3996 Fugaku


3996 Fugaku
Discovery [1]
Discovered byM. Arai
H. Mori
Discovery siteYorii Obs.
Discovery date5 December 1988
Designations
(3996) Fugaku
Named after
Mount Fuji (Japan)[2]
1988 XG1 · 1939 FZ
1957 TB · 1981 SO5
1981 UM16
main-belt · Flora[3]
Orbital characteristics[1]
Epoch 4 September 2017 (JD 2458000.5)
Uncertainty parameter 0
Observation arc78.22 yr (28,570 days)
Aphelion2.4941 AU
Perihelion2.0254 AU
2.2597 AU
Eccentricity0.1037
3.40 yr (1,241 days)
338.50°
0° 17m 24.36s / day
Inclination2.2842°
90.755°
156.18°
Physical characteristics
Dimensions5.151±0.074 km[4]
5.231±0.032 km[5]
5.40 km (calculated)[3]
5.88±1.10 km[6]
7.1912±0.0016 h[7]
0.24 (assumed)[3]
0.34±0.17[6]
0.4086±0.0152[5]
0.420±0.066[4]
S[3]
13.0[1][5][6] · 13.055±0.003 (R)[7] · 13.5[3] · 13.57±0.25[8]

3996 Fugaku, provisional designation 1988 XG1, is a stony Florian asteroid from the inner regions of the asteroid belt, approximately 5.5 kilometers in diameter. It was discovered on 5 December 1988, by Japanese amateur astronomers Masaru Arai and Hiroshi Mori at Yorii Observatory in central Japan.[9] It was named for Mount Fuji, Japan.[2]

Contents

Orbit and classification


Fugaku is a member of the Flora family, one of the largest groups of stony asteroids in the main-belt. It orbits the Sun in the inner main-belt at a distance of 2.0–2.5 AU once every 3 years and 5 months (1,241 days). Its orbit has an eccentricity of 0.10 and an inclination of 2° with respect to the ecliptic.[1] It was first identified as 1939 FZ at Turku Observatory in 1939, extending the asteroid's observation arc by 49 years prior to its official discovery observation.[9]

Physical characteristics


Fugaku has been characterized as a stony S-type asteroid, the most common type in the inner main-belt.[1]

Rotation period

In March 210, a rotational lightcurve of Fugaku was obtained from photometric observations at the Palomar Transient Factory in California. It gave a rotation period of 7.1912 hours with a change in brightness of 0.86 magnitude (U=2).[7]

Diameter and albedo

According to the survey carried out by NASA's Wide-field Infrared Survey Explorer with its subsequent NEOWISE mission, Fugaku measures between 5.15 and 5.88 kilometers in diameter, and its surface has an albedo between 0.34 and 0.42.[4][5][6] The Collaborative Asteroid Lightcurve Link assumes an albedo of 0.24 – derived from 8 Flora, the largest member and namesake of this family – and calculates a diameter of 5.40 kilometers with an absolute magnitude of 13.5.[3]

Naming


This minor planet was named for the ancient name of Mount Fuji, Japan's highest mountain and a well-known symbol. Another minor planet, 1584 Fuji, is also named for this mountain.[2] The official naming citation was published by the Minor Planet Center on 4 May 1999 (M.P.C. 34619).[10]

References


  1. ^ a b c d e "JPL Small-Body Database Browser: 3996 Fugaku (1988 XG1)" (2017-06-05 last obs.). Jet Propulsion Laboratory. Retrieved 19 June 2017.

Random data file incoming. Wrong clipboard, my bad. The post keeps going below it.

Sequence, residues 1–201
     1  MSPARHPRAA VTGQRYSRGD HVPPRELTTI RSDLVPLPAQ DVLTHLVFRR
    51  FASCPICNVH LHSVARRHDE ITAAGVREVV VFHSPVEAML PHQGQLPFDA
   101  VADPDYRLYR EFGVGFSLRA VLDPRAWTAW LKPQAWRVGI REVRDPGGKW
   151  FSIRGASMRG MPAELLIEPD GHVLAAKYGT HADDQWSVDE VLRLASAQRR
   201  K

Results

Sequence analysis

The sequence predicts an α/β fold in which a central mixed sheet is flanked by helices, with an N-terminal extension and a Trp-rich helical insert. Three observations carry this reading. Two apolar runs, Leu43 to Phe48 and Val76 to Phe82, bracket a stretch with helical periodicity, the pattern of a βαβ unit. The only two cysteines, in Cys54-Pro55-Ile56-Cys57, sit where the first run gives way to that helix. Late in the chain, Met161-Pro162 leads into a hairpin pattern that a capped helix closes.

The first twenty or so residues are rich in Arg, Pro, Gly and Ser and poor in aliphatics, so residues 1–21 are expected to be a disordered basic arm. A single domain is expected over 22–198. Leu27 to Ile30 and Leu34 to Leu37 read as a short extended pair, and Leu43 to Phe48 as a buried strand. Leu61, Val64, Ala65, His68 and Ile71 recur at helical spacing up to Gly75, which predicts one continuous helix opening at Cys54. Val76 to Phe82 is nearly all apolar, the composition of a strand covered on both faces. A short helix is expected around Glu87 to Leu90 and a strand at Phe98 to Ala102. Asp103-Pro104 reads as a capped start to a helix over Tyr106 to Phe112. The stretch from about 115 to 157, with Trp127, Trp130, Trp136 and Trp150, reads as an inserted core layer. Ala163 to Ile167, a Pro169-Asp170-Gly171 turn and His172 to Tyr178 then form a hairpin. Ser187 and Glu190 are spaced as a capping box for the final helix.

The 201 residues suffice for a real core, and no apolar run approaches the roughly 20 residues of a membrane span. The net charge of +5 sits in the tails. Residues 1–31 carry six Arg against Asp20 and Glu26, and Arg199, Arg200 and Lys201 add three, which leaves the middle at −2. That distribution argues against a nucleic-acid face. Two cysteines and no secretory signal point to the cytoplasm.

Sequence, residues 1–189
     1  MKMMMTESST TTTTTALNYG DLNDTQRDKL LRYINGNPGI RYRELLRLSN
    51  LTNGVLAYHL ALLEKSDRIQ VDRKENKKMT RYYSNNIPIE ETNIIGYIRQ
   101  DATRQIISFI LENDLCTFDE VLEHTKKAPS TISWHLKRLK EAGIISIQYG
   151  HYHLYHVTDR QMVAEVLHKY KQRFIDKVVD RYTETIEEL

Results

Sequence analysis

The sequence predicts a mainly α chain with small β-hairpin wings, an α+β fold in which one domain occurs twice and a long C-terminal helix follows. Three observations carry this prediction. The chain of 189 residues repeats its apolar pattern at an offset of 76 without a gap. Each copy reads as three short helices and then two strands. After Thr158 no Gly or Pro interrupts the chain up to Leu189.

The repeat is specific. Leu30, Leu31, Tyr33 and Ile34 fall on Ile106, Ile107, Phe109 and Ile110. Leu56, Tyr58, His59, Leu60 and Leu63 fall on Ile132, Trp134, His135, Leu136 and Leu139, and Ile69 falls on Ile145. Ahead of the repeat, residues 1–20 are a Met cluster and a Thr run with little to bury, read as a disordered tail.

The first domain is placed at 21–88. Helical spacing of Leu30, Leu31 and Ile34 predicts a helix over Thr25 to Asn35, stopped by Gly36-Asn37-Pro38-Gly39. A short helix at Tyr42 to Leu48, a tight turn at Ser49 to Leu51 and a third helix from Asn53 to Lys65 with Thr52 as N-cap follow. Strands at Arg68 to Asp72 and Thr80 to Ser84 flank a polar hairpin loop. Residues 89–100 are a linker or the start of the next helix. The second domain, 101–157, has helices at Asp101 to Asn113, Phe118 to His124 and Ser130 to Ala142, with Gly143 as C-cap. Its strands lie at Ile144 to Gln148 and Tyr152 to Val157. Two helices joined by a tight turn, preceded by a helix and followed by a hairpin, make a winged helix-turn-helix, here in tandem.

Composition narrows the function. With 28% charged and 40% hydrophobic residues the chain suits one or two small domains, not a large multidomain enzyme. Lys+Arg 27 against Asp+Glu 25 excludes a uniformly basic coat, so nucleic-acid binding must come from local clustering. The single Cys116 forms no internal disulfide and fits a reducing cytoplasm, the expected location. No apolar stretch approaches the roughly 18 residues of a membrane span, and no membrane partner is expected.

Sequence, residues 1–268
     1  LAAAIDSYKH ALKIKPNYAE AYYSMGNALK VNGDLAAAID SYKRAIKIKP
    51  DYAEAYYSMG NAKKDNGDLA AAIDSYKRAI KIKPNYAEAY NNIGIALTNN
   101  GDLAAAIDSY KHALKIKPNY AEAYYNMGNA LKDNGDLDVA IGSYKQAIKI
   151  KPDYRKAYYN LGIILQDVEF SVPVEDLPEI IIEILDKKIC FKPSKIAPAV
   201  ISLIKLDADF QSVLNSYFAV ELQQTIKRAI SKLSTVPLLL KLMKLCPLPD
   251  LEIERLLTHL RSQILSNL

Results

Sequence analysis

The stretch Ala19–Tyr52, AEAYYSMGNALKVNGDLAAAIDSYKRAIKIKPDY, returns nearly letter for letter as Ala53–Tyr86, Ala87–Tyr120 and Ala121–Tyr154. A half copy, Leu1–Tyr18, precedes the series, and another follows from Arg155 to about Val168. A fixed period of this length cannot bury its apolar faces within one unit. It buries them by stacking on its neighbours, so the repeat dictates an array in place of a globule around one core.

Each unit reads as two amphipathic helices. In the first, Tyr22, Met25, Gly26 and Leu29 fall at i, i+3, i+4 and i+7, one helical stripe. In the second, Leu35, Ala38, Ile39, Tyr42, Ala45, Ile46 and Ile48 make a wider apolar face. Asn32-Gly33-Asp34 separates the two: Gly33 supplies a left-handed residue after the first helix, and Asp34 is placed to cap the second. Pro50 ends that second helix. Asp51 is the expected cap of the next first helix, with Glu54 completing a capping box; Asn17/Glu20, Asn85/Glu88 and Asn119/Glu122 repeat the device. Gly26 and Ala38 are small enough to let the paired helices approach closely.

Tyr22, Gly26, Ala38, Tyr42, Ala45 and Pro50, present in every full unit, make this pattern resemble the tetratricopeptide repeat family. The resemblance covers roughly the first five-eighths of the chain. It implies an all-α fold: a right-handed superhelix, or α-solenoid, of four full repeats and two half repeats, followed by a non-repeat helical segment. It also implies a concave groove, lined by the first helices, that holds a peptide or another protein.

2. ^ a b c Schmadel, Lutz D. (2007). "(3996) Fugaku". Dictionary of Minor Planet Names – (3996) Fugaku. Springer Berlin Heidelberg. p. 340. doi:10.1007/978-3-540-29925-7_3981 . ISBN 978-3-540-00238-3.
  3. ^ a b c d e f "LCDB Data for (3996) Fugaku" . Asteroid Lightcurve Database (LCDB). Retrieved 3 January 2017.
  4. ^ a b c Masiero, Joseph R.; Mainzer, A. K.; Grav, T.; Bauer, J. M.; Cutri, R. M.; Dailey, J.; et al. (November 2011). "Main Belt Asteroids with WISE/NEOWISE. I. Preliminary Albedos and Diameters" . The Astrophysical Journal. 741 (2): 20. arXiv:1109.4096 . Bibcode:2011ApJ...741...68M . doi:10.1088/0004-637X/741/2/68 . Retrieved 3 January 2017.
  5. ^ a b c d Mainzer, A.; Grav, T.; Masiero, J.; Hand, E.; Bauer, J.; Tholen, D.; et al. (November 2011). "NEOWISE Studies of Spectrophotometrically Classified Asteroids: Preliminary Results". The Astrophysical Journal. 741 (2): 25. arXiv:1109.6407 . Bibcode:2011ApJ...741...90M . doi:10.1088/0004-637X/741/2/90 .
  6. ^ a b c d Nugent, C. R.; Mainzer, A.; Masiero, J.; Bauer, J.; Cutri, R. M.; Grav, T.; et al. (December 2015). "NEOWISE Reactivation Mission Year One: Preliminary Asteroid Diameters and Albedos" . The Astrophysical Journal. 814 (2): 13. arXiv:1509.02522 . Bibcode:2015ApJ...814..117N . doi:10.1088/0004-637X/814/2/117 . Retrieved 3 January 2017.
  7. ^ a b c Waszczak, Adam; Chang, Chan-Kao; Ofek, Eran O.; Laher, Russ; Masci, Frank; Levitan, David; et al. (September 2015). "Asteroid Light Curves from the Palomar Transient Factory Survey: Rotation Periods and Phase Functions from Sparse Photometry" . The Astronomical Journal. 150 (3): 35. arXiv:1504.04041 . Bibcode:2015AJ....150...75W . doi:10.1088/0004-6256/150/3/75 . Retrieved 3 January 2017.
  8. ^ Veres, Peter; Jedicke, Robert; Fitzsimmons, Alan; Denneau, Larry; Granvik, Mikael; Bolin, Bryce; et al. (November 2015). "Absolute magnitudes and slope parameters for 250,000 asteroids observed by Pan-STARRS PS1 – Preliminary results" . Icarus. 261: 34–47. arXiv:1506.00762 . Bibcode:2015Icar..261...34V . doi:10.1016/j.icarus.2015.08.007 . Retrieved 3 January 2017.
  9. ^ a b "3996 Fugaku (1988 XG1)" . Minor Planet Center. Retrieved 3 January 2017.
  10. ^ "MPC/MPO/MPS Archive" . Minor Planet Center. Retrieved 3 January 2017.

External links









Categories: Minor planet object articles (numbered) | Flora asteroids | Discoveries by Masaru Arai | Discoveries by Hiroshi Mori | Minor planets named for places | Named minor planets | Astronomical objects discovered in 1988




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